I spent sometime this morning writing on my new pink netbook. A recent present and incentive I gave myself for the efforts I have been putting forth towards my writing. Before I could hear any little voices calling for me to come and assist in getting them out of bed, I wrote.
I thought about Christmas when I was ten. About the full stair case descending down into our living room of the old two story house I grew up in. This particular Christmas morning I recalled the stairs. It was very early in the morning before my parents had woken up. My then two brothers and younger sister and I could no longer control the anticipation that had built up in us. Not being able to wait any longer we attempted to maneuver George and Richard ourselves. My younger sister and I had to manage somehow to get my brothers who had Duchenne down the stairs. On their butts we encouraged them to slide. Standing behind them cheering and begging for them to hurry. Step by step on the grey firm burber carpet they slid. Chattering excitedly about the presents Santa had left the night before. Hoping to find things that we had been wishing for all year long. I can not recall what we did get that year for gifts. However, the memories of George and Richard sliding has etched its way permanently inside my mind. It seemed to take forever watching them move from step to step. Pausing occasionally to share the discomfort each impact of landing gave them. At one point to eager to wait any longer I offered to get in front of my brother George and pull him down by his feet. As he hit the first step with is bottom end we both knew this was not going to be the answer I had imagined. I wanted so badly to just be able to pick up George and carry him. At ten my size was only large enough to lift my then four year old sister. Christmas called out to me from under the tree. I peeked over the oak railing at the shinning wrappers and glistening bows. So close and yet still feet away. Held by a promise to my siblings that we share in the joy of Christmas together we diligently worked to get off those stairs.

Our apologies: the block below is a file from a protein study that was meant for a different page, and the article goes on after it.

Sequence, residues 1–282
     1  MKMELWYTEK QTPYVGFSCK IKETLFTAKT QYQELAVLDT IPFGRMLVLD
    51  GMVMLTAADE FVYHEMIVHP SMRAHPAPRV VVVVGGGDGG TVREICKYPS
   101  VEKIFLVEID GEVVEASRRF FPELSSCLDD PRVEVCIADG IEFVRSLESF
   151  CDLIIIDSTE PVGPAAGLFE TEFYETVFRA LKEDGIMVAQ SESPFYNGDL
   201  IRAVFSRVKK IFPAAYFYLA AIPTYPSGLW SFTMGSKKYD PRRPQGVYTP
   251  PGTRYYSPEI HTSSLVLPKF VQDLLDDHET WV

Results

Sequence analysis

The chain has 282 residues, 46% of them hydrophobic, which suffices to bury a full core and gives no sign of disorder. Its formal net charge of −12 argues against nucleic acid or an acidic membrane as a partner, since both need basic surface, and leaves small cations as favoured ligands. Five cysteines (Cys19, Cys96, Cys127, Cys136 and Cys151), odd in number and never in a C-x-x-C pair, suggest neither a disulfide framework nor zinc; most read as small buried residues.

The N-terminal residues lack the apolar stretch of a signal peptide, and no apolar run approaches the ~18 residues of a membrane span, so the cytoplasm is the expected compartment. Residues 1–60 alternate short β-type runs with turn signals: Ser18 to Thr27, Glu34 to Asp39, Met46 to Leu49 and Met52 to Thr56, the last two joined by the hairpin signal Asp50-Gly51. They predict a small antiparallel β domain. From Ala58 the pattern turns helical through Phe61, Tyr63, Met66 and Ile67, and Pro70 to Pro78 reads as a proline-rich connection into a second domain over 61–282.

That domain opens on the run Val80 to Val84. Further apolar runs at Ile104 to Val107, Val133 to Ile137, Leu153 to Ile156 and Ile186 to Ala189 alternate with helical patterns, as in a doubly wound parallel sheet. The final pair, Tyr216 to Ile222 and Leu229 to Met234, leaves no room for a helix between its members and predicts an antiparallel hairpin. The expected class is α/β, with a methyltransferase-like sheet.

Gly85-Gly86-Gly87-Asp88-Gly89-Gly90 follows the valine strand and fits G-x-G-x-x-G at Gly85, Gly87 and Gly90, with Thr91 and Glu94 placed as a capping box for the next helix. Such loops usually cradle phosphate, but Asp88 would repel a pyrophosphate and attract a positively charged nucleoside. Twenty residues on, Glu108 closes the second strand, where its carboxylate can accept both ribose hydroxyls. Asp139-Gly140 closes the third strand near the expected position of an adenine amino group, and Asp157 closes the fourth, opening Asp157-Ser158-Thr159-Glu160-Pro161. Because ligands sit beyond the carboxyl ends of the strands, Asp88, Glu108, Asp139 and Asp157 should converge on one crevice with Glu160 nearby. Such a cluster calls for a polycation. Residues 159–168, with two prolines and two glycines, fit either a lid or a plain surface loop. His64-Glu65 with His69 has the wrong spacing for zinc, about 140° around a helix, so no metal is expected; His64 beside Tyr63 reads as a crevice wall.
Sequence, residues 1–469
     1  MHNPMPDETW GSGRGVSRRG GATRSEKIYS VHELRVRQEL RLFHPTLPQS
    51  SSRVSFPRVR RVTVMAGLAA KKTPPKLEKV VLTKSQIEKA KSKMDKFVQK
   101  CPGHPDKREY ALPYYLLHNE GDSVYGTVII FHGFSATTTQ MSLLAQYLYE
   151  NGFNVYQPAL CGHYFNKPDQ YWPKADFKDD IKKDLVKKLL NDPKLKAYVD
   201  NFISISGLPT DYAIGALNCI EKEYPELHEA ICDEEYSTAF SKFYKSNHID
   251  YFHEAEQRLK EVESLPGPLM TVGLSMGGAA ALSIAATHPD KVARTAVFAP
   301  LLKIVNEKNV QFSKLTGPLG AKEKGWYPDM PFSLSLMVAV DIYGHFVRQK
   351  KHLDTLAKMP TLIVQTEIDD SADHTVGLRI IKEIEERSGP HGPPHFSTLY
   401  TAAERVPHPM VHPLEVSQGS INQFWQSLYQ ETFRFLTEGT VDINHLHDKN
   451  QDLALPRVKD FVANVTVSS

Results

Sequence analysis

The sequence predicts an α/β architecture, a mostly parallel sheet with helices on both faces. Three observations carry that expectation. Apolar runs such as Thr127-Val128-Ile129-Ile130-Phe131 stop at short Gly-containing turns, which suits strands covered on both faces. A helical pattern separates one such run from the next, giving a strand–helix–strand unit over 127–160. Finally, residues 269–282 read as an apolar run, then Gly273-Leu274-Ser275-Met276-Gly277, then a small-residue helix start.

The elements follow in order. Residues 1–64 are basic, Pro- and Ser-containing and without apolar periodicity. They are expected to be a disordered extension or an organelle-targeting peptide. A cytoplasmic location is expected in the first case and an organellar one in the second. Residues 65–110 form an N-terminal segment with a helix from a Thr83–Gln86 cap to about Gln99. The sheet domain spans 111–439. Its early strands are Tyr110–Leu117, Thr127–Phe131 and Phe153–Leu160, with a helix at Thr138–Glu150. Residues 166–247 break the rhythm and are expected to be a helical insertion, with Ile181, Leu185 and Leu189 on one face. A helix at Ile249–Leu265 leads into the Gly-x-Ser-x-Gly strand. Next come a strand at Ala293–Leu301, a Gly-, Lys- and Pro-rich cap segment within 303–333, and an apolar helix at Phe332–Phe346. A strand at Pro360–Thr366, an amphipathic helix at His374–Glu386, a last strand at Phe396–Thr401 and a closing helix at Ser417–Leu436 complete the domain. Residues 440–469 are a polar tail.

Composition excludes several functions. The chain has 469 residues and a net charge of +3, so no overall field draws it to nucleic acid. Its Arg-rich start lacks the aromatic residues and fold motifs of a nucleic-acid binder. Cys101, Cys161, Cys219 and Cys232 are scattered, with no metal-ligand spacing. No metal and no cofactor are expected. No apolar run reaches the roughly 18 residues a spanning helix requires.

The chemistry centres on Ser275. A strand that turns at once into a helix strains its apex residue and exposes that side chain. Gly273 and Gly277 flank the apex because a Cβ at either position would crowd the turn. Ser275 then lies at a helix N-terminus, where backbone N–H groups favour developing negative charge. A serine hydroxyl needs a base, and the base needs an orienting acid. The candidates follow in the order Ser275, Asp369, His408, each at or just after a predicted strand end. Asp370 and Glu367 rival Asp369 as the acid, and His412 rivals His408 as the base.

I do not have memories of running to the beautifully decorated tree to be greeted by presents left from the jolly man in red. I do have wonderful memories of struggling to help my brothers reach our tree to share in the joy of discovering what was inside the wrapped boxes. That particular Christmas I learnt Duchenne was a family disease. It attacked my brothers physically but it also ripped at our hearts and minds. Holding us all prisoners. It not only left my brothers muscles weak and wasting it also left us as a family tormented by heart ache and haunted by loss. Duchenne Muscular Dystrophy stole my brothers lives. It robbed us from physical strength but it did not take the strength we shared as a family. It did not take away the love we had for each other and the moments of joy we shared together from defeating its impending opposition we faced daily.